Now, one of the problems with choosing a man-eating snake for your creature-feature is that its prey can just go inside and shut the door. It's not like the monster is a werewolf, an axe-wielding maniac, or a zombie that can pound down the door.

The way Anaconda gets around this problem in the opening is to have the snake pound its way in anyway - through the floor. Furthermore, it bangs so hard that nails fly out of the floorboards and six feet into the air.

No self-respecting schlocky flick doesn't cast Danny Trejo.

The documentary crew is played by actors seemingly picked out of a hat: Jennifer Lopez as the tight-panted director, Eric Stoltz as the khaki-clad scientist, Ice Cube as the stereotypical hip hop-loving black guy cameraman, Jonathan Hyde as the stereotypically snooty English presenter, and Owen Wilson as well.

The dialogue in Anaconda is completely shonky and on-the-nose. To establish that Terri (Lopez) and Steven (Stoltz) are looking forward to working together, Steven tells her: 'We're gonna make a great team'.

To establish that Gary (Wilson) is attracted to Denise (Kari Wuhrer) he feeds her this terrible line: 'Is it me, or does the jungle make you really, really horny?'

The crown jewel of Anaconda's players is Jon Voight, whose prize-ham portrayal of snake-catcher Sarone belies his distinguished, Oscar-awarded acting career. Sarone is physically imposing, wild-eyed and secretive:

'Snakes. I catch them. For zoos and collectors.'


(Sarone pauses, looks away, then responds:) 'Poaching is illegal.'

In case you weren't suspicious enough of his incredibly sketchy behavior, his default facial expression is one of the great cinematic sneers.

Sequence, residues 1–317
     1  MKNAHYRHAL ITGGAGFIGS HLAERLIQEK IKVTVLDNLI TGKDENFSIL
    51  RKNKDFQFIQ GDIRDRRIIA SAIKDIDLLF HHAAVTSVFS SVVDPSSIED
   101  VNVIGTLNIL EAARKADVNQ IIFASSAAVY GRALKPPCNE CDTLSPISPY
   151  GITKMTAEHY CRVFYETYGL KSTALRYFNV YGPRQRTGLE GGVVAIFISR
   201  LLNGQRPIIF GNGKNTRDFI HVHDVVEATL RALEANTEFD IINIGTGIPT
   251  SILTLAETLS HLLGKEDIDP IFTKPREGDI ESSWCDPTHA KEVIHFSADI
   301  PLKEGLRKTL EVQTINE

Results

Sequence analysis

Sketchy guy? I don't see any sketchy guy. What, behind me?

Sarone completely steals the show from the dull-faced Jennifer Lopez with his outrageously campy behavior and his many asshole-ish, Hispanic-drawled lines. For example, halfway through the movie the boat's captain Mateo mysteriously disappears.

Sarone is convinced that the anaconda has killed him, but everyone else insists on keeping the boat anchored until Mateo returns. When Jennifer Lopez wakes up the morning after, Sarone simply taunts: 'Still, no Mateo...'

The Sarone character seems almost as if Jon Voight wasn't aware he was being filmed, and was on some kind of Amazonian actors' retreat where he went all-out in a Method exercise.

While the dialogue is bad and the acting inconsistent, Anaconda exercises enough adventure/horror tropes - such as a cold open, red herrings and a snake scene at regular intervals - that it's always entertaining. 

I have a special affection for Anaconda because it was one of the ten non-Disney VHS tapes I had growing up. Sometimes when I'm entertained by the snake sequences, I wonder whether I even really think it's bad after all...

...but then a character says something really silly ('How did we go from taking Cale to a hospital to catchin' a God-damn snake?!'), or there is a shot (1:06:52) that I can blatantly tell is reversed because water is going up a waterfall.